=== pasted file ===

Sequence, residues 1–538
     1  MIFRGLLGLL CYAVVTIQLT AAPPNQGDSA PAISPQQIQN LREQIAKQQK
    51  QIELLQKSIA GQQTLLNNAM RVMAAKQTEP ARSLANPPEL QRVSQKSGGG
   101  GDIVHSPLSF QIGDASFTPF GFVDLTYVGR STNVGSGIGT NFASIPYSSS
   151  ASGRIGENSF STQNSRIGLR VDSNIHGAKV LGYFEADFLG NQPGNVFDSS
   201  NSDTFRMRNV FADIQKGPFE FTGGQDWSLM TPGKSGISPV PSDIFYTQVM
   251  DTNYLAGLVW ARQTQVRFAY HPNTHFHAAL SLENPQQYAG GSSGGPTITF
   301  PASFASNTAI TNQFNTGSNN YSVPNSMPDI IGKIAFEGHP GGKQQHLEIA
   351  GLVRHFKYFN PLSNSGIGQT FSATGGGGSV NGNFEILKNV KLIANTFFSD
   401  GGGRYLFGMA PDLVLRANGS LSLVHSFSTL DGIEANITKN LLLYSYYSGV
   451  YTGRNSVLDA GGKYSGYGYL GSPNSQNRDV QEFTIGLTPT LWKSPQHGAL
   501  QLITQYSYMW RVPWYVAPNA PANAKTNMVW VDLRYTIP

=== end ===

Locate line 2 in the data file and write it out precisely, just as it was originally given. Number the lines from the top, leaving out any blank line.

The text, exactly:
     1  MIFRGLLGLL CYAVVTIQLT AAPPNQGDSA PAISPQQIQN LREQIAKQQK